Under New York’s Criminal Procedure Law 190.80, where a suspect has been held by a local criminal court for more than 45 days without the occurrence of any grand jury action, the court must release the defendant on his own recognizance.
In order to secure the suspect’s release, the attorney for the Defendant must draft a 190.80 motion, file the motion with the court clerk, and serve the motion on the District Attorney. Once properly served, the District Attorney has the opportunity to respond in writing to the motion. However, the District Attorney may also waive his or her right to respond.
Following the motion, the court will generally order a hearing where both parties can be heard on the subject. At the hearing, the attorney for the suspect should make it clear if 45 days have passed and argue in favor of Defendant’s release.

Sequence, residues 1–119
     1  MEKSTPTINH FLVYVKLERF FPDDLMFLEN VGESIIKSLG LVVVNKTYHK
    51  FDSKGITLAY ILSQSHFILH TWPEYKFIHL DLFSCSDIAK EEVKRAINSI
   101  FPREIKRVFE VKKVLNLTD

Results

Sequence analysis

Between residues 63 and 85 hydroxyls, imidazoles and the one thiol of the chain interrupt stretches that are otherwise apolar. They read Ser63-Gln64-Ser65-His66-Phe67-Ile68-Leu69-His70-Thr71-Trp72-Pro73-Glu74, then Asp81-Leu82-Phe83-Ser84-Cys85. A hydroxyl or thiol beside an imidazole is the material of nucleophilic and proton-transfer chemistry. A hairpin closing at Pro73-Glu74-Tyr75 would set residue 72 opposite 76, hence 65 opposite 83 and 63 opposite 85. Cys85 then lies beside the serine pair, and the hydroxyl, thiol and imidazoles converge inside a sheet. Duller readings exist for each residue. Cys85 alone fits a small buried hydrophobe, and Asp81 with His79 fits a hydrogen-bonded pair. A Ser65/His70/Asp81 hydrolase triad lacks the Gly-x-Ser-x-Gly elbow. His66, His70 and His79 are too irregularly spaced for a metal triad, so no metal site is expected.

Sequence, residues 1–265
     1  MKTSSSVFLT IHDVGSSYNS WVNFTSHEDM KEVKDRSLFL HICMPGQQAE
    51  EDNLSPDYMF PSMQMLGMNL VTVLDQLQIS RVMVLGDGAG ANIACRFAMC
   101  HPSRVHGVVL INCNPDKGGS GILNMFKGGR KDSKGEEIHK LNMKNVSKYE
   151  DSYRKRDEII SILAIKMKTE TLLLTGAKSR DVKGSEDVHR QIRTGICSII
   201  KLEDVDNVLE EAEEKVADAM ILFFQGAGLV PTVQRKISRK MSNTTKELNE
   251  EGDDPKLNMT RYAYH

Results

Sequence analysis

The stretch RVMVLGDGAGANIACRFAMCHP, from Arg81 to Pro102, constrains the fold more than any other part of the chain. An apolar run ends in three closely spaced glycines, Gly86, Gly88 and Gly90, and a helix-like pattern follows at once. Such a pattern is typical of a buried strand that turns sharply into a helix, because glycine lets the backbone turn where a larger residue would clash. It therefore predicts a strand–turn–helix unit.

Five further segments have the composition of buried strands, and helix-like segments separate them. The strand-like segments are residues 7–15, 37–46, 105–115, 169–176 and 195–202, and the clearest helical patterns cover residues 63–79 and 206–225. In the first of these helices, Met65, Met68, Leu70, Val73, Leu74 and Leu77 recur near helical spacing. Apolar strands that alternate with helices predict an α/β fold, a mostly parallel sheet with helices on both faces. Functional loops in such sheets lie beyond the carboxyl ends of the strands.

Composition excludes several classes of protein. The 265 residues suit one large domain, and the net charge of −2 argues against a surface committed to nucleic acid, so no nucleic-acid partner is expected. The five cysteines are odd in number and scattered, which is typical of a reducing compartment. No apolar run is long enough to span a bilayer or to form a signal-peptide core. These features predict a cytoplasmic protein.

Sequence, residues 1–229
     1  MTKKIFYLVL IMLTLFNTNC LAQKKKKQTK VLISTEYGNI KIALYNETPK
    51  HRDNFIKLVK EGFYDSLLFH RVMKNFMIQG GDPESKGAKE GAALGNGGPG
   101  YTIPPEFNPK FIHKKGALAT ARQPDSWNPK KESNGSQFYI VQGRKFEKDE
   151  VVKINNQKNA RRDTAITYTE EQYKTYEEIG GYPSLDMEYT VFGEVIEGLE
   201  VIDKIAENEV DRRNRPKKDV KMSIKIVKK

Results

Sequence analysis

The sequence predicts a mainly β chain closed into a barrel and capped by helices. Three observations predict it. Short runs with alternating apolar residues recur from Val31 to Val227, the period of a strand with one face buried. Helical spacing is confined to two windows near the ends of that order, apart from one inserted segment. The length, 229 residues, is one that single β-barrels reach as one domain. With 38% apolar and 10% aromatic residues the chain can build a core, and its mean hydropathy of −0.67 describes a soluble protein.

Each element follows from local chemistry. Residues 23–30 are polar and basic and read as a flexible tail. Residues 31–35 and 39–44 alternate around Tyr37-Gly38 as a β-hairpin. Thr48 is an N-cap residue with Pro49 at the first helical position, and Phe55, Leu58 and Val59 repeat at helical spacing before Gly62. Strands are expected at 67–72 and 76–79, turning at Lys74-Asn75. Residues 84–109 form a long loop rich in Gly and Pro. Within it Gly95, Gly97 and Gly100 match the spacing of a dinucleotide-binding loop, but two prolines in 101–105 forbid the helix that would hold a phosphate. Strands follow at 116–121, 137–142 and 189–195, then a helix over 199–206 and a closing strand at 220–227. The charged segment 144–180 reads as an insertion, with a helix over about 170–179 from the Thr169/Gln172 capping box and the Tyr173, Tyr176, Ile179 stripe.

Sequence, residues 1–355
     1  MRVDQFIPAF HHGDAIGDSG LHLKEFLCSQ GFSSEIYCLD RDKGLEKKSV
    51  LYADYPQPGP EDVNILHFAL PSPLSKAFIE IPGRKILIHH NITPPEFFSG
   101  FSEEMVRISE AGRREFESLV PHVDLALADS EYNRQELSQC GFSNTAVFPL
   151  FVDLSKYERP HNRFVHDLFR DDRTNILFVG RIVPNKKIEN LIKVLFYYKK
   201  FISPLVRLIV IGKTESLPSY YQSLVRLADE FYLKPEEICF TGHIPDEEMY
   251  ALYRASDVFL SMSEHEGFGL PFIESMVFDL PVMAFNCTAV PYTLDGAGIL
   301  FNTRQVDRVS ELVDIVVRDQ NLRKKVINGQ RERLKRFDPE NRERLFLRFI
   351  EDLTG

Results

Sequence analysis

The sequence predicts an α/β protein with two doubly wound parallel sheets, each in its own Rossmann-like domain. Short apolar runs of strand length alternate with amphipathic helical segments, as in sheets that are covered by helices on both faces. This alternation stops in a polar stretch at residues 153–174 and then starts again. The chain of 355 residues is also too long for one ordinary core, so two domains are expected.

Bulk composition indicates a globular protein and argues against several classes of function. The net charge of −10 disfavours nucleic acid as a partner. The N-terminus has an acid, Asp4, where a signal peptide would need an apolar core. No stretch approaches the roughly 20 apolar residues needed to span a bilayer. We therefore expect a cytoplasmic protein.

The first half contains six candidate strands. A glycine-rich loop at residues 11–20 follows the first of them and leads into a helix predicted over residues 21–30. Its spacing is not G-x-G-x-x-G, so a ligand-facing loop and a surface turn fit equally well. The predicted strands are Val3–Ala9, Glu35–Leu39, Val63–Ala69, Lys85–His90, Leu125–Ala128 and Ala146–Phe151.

In some cases, the District Attorney may argue through a written response or at the hearing, that, while 45 days did in fact pass, Section 190.80 is not triggered because the Defense attorney agreed to an “adjournment.” As an aside, an adjournment is essentially a “rain-check,” and once granted, another court date is scheduled. Critically, under Section 190.80, the only way a suspect may be held more than 45 days is if the suspect consents to being detained through a waiver of time limits, or the district attorney has “good cause” to hold the suspect longer. Only in the rarest cases will a District Attorney have such cause to override a suspect’s rights related to a speedy trial.